When an audience member asked what the actors disliked about making the show, Corden jokingly chided: ‘Way to keep it positive!’
‘It felt like every night like I was going to die if they didn’t laugh’: Variety reported Matthew Perry (2-L) – whose addiction struggles impacted his time on the show – brought a ‘palpable unease’ to the special
James likely got the gig thanks to the Friends: The Reunion director Ben Winston, who also happens to helm CBS’ Late Late Show With James Corden.
Variety said the ‘Corden weirdness eventually devolves into a fashion show that ‘can only describe as “unhinged.”‘
‘The live-audience component is ostensibly why HBO Max held off on producing the special earlier,’ Variety critic Caroline Framke wrote.
‘And yet throughout the reunion’s impressive run time of over an hour and a half, it also proves to be the least essential.’
IndieWire noted: ‘The opening shots are the most powerful by far, as each star walks through the studio doors into the recreated NYC apartments’
Ben Travers wrote: ‘Random celebs vouch for the show’s bona fides, as if their fandom somehow speaks to the show’s value: “Popular people endorsing a popular thing makes them both… more… popular?” Seriously: Why is David Beckham here?’
Framke said Matthew Perry – whose addiction struggles impacted his time on the show – brought a ‘palpable unease’ to the special.
‘When his castmates talk about staying in touch with each other, he cracks a joke about how he doesn’t hear “from anyone” so dryly that it’s impossible to tell if it’s actually a joke,’ Variety reported.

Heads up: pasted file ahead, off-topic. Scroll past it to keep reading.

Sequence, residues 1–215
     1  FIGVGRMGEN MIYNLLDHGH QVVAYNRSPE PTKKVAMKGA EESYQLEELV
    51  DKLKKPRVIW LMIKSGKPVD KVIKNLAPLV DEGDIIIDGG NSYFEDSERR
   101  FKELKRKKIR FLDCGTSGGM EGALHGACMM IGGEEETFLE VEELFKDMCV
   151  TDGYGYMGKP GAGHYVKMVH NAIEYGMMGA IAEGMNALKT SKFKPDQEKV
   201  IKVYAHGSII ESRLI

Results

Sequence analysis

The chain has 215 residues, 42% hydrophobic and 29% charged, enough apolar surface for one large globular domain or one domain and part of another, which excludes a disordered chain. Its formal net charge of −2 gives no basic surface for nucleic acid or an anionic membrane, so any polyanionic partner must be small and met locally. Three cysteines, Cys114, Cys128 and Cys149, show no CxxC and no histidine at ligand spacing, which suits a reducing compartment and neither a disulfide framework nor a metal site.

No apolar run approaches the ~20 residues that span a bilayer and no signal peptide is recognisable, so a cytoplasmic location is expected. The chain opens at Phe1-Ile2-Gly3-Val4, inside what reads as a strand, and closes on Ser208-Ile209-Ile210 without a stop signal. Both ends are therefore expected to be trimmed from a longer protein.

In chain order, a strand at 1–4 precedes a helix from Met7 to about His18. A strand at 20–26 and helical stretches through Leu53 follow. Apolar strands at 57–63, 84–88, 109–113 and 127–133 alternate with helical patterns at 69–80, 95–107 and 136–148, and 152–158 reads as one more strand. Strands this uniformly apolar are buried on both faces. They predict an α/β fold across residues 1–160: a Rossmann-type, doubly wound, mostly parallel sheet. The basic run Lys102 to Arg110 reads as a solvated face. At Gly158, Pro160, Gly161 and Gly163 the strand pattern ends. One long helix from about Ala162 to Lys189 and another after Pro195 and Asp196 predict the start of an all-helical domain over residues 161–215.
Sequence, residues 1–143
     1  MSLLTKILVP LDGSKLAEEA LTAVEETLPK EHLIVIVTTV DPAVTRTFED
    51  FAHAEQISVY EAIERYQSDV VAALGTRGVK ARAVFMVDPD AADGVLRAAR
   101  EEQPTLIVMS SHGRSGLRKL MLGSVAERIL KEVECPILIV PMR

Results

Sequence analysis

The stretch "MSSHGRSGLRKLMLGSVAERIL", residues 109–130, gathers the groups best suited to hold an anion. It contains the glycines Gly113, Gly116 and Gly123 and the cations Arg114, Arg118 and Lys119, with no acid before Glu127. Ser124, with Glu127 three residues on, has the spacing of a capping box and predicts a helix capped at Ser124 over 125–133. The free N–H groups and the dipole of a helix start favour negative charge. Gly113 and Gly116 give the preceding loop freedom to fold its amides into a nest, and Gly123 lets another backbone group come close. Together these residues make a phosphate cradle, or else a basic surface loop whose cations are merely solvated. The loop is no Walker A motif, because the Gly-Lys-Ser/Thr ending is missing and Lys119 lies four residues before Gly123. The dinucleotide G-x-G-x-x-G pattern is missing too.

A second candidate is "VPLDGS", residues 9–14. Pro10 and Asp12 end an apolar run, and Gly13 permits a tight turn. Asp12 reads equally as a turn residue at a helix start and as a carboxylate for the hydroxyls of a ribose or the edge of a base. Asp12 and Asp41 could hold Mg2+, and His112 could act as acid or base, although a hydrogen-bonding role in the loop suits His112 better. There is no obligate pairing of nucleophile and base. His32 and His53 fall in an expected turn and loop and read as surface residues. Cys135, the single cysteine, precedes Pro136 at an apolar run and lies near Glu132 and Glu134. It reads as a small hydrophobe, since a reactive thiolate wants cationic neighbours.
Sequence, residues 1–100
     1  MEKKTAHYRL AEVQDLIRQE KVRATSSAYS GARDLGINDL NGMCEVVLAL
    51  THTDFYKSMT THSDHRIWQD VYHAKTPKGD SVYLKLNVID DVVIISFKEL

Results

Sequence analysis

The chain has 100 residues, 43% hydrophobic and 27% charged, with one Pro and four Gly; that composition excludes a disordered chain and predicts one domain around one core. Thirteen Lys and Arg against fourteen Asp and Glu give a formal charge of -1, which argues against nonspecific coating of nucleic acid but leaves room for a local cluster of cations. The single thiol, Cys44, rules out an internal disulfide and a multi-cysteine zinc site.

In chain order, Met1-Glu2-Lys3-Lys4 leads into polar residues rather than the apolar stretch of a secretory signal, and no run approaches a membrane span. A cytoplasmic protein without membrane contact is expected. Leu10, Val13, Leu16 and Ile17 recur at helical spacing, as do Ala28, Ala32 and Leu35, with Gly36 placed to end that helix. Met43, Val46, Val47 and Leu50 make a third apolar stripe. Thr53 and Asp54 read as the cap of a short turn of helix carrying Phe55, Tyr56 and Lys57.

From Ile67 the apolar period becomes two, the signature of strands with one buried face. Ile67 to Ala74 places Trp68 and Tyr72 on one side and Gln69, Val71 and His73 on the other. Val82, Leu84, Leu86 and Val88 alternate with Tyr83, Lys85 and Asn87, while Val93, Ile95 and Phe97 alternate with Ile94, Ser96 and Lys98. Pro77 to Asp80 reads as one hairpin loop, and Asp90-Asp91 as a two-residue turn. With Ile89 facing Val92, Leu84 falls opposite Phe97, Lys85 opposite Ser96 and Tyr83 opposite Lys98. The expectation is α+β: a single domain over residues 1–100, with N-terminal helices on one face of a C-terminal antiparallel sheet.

‘Later, as the rest of the cast laughs about the takes they messed up and how the audience reacted, Perry remembers how he felt every night “like I was going to die if they didn’t laugh,” and acknowledges that “it wasn’t healthy, for sure.”‘
CNN called the 104-minute special ‘big, slightly bloated, and unapologetically nostalgic valentine to fans.’
Among the celebrity guest highlights were Nobel Peace Prize winner Malala Yousafzai being described by her best friend Vee Kativhu as ‘Joey with a hint of Phoebe’ and K-pop boyband BTS revealing they learned how to speak English watching Friends
Snapped back into fine form: Critics seemed to agree on the six stars’ recapturing their chemistry during script readings of episodes ‘The One Where Everybody Finds Out’ and ‘The One Where Ross Finds Out [That Rachel Likes Him]’
‘It’s inevitably hard-pressed to justify the hype,’ CNN critic Brian Lowry wrote.
‘Working best when it lets the cast casually reminisce, while getting carried away with cameos, some of which, well, couldn’t be more random.’
IndieWire gave it a grade of C- and said that ‘hiring Corden as moderator is an immediate red flag.’
‘Trotting out The Late Late Show host to toss softballs at the cast and cackle hysterically at mundane gossip is exactly the kind of thing that contributes to the perception of Friends as shallow and superficial,’ IndieWire’s Ben Travers wrote.
‘Random celebs vouch for the show’s bona fides, as if their fandom somehow speaks to the show’s value: “Popular people endorsing a popular thing makes them both… more… popular?” Seriously: Why is David Beckham here?’
However, Travers noted: ‘The opening shots are the most powerful by far, as each star walks through the studio doors into the recreated NYC apartments.’
Among the celebrity guest highlights were Nobel Peace Prize winner Malala Yousafzai being described by her best friend Vee Kativhu as ‘Joey with a hint of Phoebe’ and K-pop boyband BTS revealing they learned how to speak English watching Friends.
Critics seemed to agree on the six stars’ recapturing their chemistry during script readings of episodes ‘The One Where Everybody Finds Out’ and ‘The One Where Ross Finds Out [That Rachel Likes Him].’
Friends Reunion only on BINGE in Australia at 5pm AEST. You can sign up to BINGE here.